The vulnerability of tropical ecosystems to local and global stressors, including land-use change, pollution and climate change, is assessed in a Review published in this week’s Nature. The authors caution that failure to act decisively - and now - will greatly increase the risk of unprecedented and irrevocable biodiversity loss in the tropics.
Jos Barlow and colleagues report that tropical terrestrial, freshwater and marine ecosystems contain over 78% of the world’s species, including almost all shallow-water corals and more than 90% of terrestrial birds. Yet tropical ecosystems are subject to pervasive and interacting stressors, such as deforestation, overfishing and climate change. The authors explore the effects of these stressors and their interactions with various socio-economic factors - from population growth and globalization to weak governance and inadequate research capacity. Concerted local, national and international actions are urgently required to prevent a collapse of tropical biodiversity, they conclude.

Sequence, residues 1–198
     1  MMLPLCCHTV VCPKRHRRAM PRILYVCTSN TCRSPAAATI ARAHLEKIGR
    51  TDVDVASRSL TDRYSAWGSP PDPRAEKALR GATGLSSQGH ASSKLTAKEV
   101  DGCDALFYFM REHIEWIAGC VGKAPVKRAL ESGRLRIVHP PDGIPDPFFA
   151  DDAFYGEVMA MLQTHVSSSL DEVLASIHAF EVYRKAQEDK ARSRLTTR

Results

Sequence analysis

The Review is part of a special package of articles in an Insight on the tropics in this week’s Nature. The collection explores diverse scientific and societal challenges posed by the tropics, and some of the solutions being devised - from efforts to tackle mosquito-borne and non-communicable diseases, to analyses of climate variability and the tropical forest carbon cycle.
Environment: Sharks, skates and rays at risk in protected areasNature Communications
Ecology: Climate change can aggravate over half of known human pathogensNature Climate Change
Environment: Salt may inhibit lightning in sea stormsNature Communications
Environment: Plastic pollution encourages bacterial growth in lakesNature Communications